How Atlanta Got So High in Arts and Culture :In listening to artists talk about Atlanta art, a common question arises, “Why is Atlanta art the way it is?” The Orly Field plane crash in Paris claimed the lives of 106 of Atlanta’s most influential art patrons in 1962, but what makes it so significant? We were fortunate that Crannell published a history of art activity in Atlanta from 1847 to 1926 detailing the events that led to the founding of Atlanta’s first art museum in 1926.
In 1847 the newly named city of Atlanta tied together by railroads and cotton was home to just 2,000 people, two hotels, a church, a bank, and three newspapers. There is a lack of direction and organization in the city. The city’s elite are self-made and business-oriented with no taste for setting cultural standards.
Consistency in government was lacking as the mayor was not in office for several years during the city’s first 27 years. Roads and buildings are built without regard to planning or design. Life is Atlanta consumed by building a business and making a profit, not building a culture.
Fortunately, those early newspapers were a guiding force in promoting the arts. A belief reinforced by local editors and writers places “art [as] a subtle influence on individuals and society at large, and that embracing it, possessing it, and being exposed to it leads to ‘culture’.” The Atlanta Theater scene is rowdy and unsophisticated. Culture and refinement are needed as instruments of social order.
In the early days there is evidence of artistic patronage. There are public and private art teachers like Mrs. Cunningham and Mrs. Bramuller and practicing artists such as Willis Buell, Joseph Van Stavoren, John Maier and C.W. Dill; but most are bi-vocational. The emergence of panoramas or “moving pictures” in the late 1850s was the first way to foster a more serious artistic culture.
Panoramas are long canvases that stretch across the stage as commentators or musicians add to the experience. The art auction was introduced due to its success in Europe at the time. An art exhibition preceded the auction which gave women from the community a week to view the work and encouraged their working husbands to bid. The press continues to strengthen the understanding that the acquisition of art will lead to self-improvement and culture.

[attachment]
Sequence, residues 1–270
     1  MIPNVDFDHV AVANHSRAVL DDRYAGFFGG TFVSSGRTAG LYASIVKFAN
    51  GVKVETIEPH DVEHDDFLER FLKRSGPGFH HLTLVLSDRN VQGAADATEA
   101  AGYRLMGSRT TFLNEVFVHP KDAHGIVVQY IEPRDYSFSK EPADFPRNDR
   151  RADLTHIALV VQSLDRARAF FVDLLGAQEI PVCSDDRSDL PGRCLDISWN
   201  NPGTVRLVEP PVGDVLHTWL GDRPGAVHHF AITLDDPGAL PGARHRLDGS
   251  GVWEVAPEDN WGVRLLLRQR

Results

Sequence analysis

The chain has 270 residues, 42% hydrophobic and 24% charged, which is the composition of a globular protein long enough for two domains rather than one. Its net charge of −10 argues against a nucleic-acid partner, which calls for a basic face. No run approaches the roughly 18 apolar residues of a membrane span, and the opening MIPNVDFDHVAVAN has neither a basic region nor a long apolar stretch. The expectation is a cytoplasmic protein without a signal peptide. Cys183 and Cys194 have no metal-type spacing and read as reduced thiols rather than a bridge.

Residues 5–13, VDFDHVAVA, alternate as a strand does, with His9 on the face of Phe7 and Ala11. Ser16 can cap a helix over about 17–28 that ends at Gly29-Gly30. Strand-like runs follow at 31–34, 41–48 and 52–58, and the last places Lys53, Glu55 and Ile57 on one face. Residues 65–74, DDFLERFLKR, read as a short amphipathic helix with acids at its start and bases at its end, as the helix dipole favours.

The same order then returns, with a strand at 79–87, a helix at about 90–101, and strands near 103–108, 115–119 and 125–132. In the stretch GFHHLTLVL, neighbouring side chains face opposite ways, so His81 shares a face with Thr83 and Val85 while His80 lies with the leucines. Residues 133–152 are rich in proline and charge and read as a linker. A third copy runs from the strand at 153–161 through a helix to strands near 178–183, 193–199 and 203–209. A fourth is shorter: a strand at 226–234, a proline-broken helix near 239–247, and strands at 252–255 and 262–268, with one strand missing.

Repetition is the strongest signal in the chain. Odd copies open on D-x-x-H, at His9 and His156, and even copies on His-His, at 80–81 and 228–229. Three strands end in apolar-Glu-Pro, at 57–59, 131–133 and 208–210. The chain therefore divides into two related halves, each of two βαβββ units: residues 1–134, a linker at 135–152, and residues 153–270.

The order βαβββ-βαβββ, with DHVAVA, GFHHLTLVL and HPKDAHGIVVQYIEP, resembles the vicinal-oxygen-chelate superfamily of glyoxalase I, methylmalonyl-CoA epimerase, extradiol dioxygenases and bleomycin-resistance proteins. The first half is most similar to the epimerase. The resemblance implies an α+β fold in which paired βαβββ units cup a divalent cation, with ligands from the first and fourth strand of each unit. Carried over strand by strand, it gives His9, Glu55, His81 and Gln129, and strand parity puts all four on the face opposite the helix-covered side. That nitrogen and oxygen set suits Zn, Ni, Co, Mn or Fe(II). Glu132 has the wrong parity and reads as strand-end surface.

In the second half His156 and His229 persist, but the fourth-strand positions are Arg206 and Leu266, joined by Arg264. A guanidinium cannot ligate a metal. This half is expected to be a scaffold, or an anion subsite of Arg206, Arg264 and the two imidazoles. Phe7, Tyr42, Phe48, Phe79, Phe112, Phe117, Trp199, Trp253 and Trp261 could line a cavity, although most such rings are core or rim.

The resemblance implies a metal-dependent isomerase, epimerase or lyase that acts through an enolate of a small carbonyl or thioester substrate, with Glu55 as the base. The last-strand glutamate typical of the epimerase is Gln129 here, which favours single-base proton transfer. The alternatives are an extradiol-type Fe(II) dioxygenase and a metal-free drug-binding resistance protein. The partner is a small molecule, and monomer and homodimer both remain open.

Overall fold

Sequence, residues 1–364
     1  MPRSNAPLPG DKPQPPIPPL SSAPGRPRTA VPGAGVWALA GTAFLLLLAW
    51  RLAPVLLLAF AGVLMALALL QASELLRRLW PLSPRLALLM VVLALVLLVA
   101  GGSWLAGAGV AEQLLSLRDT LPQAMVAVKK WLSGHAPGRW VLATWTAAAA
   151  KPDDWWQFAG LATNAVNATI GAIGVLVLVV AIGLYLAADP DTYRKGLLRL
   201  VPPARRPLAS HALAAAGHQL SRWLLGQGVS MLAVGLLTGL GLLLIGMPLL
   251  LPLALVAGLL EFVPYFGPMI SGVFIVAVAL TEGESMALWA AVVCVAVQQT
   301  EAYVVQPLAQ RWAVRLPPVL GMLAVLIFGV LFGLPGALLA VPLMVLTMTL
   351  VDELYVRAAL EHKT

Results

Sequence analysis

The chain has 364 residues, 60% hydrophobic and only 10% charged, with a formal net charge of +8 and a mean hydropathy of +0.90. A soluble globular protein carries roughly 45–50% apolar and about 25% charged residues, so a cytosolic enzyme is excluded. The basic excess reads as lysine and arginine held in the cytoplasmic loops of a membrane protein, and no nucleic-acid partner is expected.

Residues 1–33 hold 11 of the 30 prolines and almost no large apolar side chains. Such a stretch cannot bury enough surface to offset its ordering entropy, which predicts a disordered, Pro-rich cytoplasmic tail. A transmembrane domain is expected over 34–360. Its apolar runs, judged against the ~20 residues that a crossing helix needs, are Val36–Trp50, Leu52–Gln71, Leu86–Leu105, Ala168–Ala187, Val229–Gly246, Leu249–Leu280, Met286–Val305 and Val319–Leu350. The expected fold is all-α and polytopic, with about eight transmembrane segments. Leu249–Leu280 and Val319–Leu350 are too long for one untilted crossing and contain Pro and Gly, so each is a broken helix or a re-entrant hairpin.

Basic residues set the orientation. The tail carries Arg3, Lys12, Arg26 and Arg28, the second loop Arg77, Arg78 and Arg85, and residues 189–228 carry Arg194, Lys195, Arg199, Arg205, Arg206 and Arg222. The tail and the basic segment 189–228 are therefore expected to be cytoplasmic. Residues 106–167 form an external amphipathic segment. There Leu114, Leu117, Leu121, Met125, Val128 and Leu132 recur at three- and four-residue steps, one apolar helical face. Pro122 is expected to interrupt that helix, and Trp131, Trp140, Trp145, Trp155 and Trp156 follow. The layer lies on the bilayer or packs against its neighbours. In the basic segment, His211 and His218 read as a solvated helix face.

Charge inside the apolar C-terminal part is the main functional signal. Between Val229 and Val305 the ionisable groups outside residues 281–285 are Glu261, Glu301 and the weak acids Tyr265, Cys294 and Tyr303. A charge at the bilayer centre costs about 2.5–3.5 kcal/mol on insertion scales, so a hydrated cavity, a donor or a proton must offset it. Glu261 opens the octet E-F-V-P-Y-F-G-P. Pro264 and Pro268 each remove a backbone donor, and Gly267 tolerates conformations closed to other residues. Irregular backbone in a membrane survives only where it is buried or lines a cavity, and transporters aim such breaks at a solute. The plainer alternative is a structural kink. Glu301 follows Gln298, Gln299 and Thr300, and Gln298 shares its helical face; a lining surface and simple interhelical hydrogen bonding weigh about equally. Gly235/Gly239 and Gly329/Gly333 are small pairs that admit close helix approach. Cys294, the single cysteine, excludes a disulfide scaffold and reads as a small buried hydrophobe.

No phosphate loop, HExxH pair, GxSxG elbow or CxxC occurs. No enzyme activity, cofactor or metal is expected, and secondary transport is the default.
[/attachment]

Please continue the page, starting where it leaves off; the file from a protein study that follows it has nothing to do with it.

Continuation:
Newspapers advocated that “all who can afford them, should have pictures because they delight the mind, soften and humanize the heart and educate as well as books.”
In the 1880s several factors created great enthusiasm for art including the International Cotton Exhibition of 1881, the Art Loans of 1882, the Piedmont Exhibition of 1887 and the visit of Oscar Wilde in July 1882. The exhibition of 1881 helped to launch a spirit of optimism among the developing city. . population of 37,000 about the progress the South has made since the Wars between the Nations.
The art performances at this exhibition were carried out under the artistic direction of Horace Bradley, an artist and organizer who is highly respected for maintaining the spirit of excellence. He travels the world bringing back incredible art treasures to the city. Oscar Wilde’s speech in Atlanta carried the name of the Aesthetic Movement as part of an 18-month American city tour.
He urged people “to love art for the sake of art itself and … all the things you need will be added to you.” His presence in Atlanta gave the newspapers the fuel they needed to move the city toward culture in the “New South” era.
Building on the foundation of many cultural achievements by these and others, nine socially prominent women came together in 1903 and petitioned to start an organization with the stated goal of building on Bradley’s vision of an art school and art museum in Atlanta-Atlanta. Art Association.
Until May 8, 1926 there was no philanthropic gift large enough to create such a center until Mrs. Joseph Madison (Hattie) High dedicated his 27,000-square-foot home at 1262 Peachtree for use as a museum. Despite arriving later than other cities, Mrs. High dwarfs the existing museums in Nashville, Charleston, and Savannah.
A city that started with a spirit of boisterous, industrious and classless recreation was shaped by a handful of cultural activists who made progress over 80 years with the help of committed philanthropists, journalistic evangelists and arts organizers. With just 36 years of modest heritage under its belt since the founding of this new art museum, the cultural slate was wiped clean in 1962 leaving a new generation of pioneers to rise to the challenge of advancing culture.